"Consistently fascinating, thought-provoking, and rewarding.
This book should be of great interest to anyone who loves music
and cares about its place in, and meaning to, society."
—Mark Volpe, Managing Director, Boston Symphony Orchestra.
|“A thoroughly engrossing read, a journey to an impassioned time rich in ideas, idealism, and hope for the future.”
(Chester Lane Symphony Now 2012-07-12)
“Horowitz's prose in "Moral Fire" is graceful and lucid, and his splendid musical analysis of such works as the "Concord" sonata and Ives's evocation of Henry David Thoreau's "silence of the night" are sure to send readers scurrying back to scores and recordings to revisit the works he discusses.”
(Marion Lignana Rosenberg Wall Street Journal 2012-08-30)
“Rich in historical detail, Moral Fire is highly rewarding to musicians and historians, bringing a new understanding to the mis-understood Gilded Age.”
(Parsons American Record Guide 2012-09-01)
“Essential reading for anyone who wants to grasp the distinctive early history of the BSO or the cultural roots of modern-day Boston.”
(Jeremy Eichler Boston Globe 2012-08-04)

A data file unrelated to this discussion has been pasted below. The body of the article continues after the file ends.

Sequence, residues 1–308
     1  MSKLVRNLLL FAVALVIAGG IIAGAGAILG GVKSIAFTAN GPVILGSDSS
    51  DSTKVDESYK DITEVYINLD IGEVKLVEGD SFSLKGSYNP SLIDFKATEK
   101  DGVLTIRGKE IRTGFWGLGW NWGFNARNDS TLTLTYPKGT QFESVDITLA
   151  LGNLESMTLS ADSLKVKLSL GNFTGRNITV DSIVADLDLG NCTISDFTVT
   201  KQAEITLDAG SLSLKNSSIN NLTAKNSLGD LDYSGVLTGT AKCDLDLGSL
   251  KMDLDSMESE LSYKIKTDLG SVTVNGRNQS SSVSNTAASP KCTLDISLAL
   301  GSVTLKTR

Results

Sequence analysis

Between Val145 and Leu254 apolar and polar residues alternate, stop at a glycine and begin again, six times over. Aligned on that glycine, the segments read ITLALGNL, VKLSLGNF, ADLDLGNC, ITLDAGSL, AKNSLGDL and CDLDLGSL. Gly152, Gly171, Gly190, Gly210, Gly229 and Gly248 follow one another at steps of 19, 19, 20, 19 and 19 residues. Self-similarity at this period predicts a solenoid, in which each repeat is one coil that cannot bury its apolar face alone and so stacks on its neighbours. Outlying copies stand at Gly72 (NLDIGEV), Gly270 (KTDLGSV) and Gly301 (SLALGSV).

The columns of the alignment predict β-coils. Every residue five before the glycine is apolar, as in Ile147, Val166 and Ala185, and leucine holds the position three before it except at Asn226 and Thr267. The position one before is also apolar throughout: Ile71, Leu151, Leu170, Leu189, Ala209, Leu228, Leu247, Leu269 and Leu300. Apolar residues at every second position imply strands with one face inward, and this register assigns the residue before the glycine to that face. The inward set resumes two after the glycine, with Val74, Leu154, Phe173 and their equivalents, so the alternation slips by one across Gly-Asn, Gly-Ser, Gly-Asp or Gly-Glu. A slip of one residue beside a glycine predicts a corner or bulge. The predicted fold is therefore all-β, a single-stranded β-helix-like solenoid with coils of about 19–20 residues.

“Today they are all but forgotten, yet Henry Higginson, Henry Krehbiel and Laura Langford were three American figures of astounding accomplishment. . . . Horowtiz’s book rightly reminds us of the achievements of these major fin-de-siecle protagonists.”
(John Robert Brown Classical Music Magazine 2012-09-08)
| Horowitz makes [an] excellent [case] for . . . a reexamination of turn-of-the-century high culture in the US. . . . Recommended.”
(D. A. Wells, California State University, Sacramento Choice 2012-12-01)
“The most recent of Joseph Horowitz's commanding studies of American musical life concentrates on four figures from the turn of the twentieth century whose characters exemplify in distinctive ways the moral fire of his title.”
(David Matthews Times Literary Supplement (TLS) 2012-10-26)
(Peter Jacobi Bloomington Herald-Times 2012-12-09)
"Thoughtful and nuanced. . . . We owe a debt of gratitude to Horowitz."
(Alexander H. Shapiro The Wagner Journal 2013-03-01)
“Horowitz offers a revisionist view of the era—not as a philistine, materialistic ‘Gilded Age’ but as a time when right-minded individuals felt that they could and should improve the lot of their fellow humans.”
(Fred Cohn Opera News 2012-10-01)